Select Edition

Northern Northern
Southern Southern
World World

Katy Daley-Mclean: 'It wasn't the best prep, NZ mashed us the year before, but we still lifted the trophy'

By Lucy Lomax
Katy Daley-McLean carries the World Cup at Twickenham Stadium on August 18, 2014 in London, England. (Photo by Steve Bardens/Getty Images for RFU)

Trending on RugbyPass

More News More News

With one year to go until the postponed 2021 Rugby World Cup in New Zealand, we spoke to former England World Cup winning captain and Test centurion Katy Daley-Mclean about her experiences as a seasoned World Cup finalist.


The 35-year-old has been involved in three finals- with one World Cup winning victory sandwiched between two heart breaking losses. Katy reflects on how those career defining matches at the pinnacle of the game felt, what lifting the World Cup trophy was like, plus how she expects England to fair in New Zealand next year.

“The main memories I have from winning the tournament in 2014 was the preparation going into it. We were so ready. I did so many interviews about England always being the bridesmaids and never the bride when it came to World Cup finals.

“Ireland had beaten New Zealand in the pool stages which was a massive upset and talking point and when we’d gone and beat Ireland in the semi-finals we still knew it wasn’t a given. We faced Canada in the final and had drawn with them in the group stages, so we knew we had to turn up on the day.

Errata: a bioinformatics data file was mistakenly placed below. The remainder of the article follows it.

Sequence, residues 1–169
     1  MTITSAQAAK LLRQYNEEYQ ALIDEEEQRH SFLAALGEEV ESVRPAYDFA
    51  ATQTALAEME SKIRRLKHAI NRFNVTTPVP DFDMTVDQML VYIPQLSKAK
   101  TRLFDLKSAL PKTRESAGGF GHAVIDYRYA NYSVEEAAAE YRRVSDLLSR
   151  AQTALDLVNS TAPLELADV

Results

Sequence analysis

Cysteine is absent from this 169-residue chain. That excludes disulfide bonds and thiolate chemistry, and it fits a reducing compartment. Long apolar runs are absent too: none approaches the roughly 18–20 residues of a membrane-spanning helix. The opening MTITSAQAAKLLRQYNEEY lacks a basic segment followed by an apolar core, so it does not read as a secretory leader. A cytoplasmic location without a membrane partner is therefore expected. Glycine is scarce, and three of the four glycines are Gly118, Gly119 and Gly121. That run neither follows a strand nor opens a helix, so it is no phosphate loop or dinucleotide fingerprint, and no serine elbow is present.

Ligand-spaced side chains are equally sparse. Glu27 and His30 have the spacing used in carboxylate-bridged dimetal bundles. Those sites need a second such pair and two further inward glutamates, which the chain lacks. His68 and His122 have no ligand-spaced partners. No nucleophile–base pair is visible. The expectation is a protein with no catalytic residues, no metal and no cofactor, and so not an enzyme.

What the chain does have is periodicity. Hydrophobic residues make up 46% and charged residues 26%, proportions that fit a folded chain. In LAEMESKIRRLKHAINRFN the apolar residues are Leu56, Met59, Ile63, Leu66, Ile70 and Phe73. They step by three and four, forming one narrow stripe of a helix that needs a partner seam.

“The final was by no means a classic, the game was very close until Scaz (Emily Scarratt) scored that try, and once we’d scored I knew we’d done it and we were going to hold a World Cup trophy in our hands. That World Cup win was for all the players who had tried before us.”

In August 2014 in Paris, England were crowned World Champions after a 20 year wait, which had seen them finish second best to the Black Ferns on so many occasions, and much like the men in 2003, the team weren’t expecting the celebration and attention they received when they touched back down on English soil.

“We’d never experienced anything like that, especially for the women’s game. There were national newspapers wanting interviews, putting us on the front and back pages, we went on BBC’s The One Show and myself and Sarah Hunter went on other national television shows.


“Just the sheer scale and volume of the coverage all the way down to each player’s local area, the amount of interviews and attention it got was amazing.”

The result of that World Cup, as ever with sport, was far from a nailed on certainty as Katy explains…

“There was such a massive sense of pride, getting our medals and finally feeling that relief, especially since the year before had been a bumpy road.

“In 2013 we came third in the Six Nations after being thumped by Ireland and losing at home to France, then that summer we had three Tests away in New Zealand and got smashed 3-0, so it hadn’t been ideal World Cup preparation, but we still lifted the trophy in front of all our friends and family the year after.”


The devastating loss experienced by the Red Roses in the 2010 final, where arguably England should have come away victorious against New Zealand at the Twickenham Stoop enlarged the sense of relief four years later. Katy describes what she learnt from that experience.

“2010 was a massive reality shock for me. That final made me grow up and made me realise that you don’t always get what you deserve in sport. It taught me that sport isn’t fair. We thought we were nailed on to win it that year, I was a young athlete, but I thought it was our time.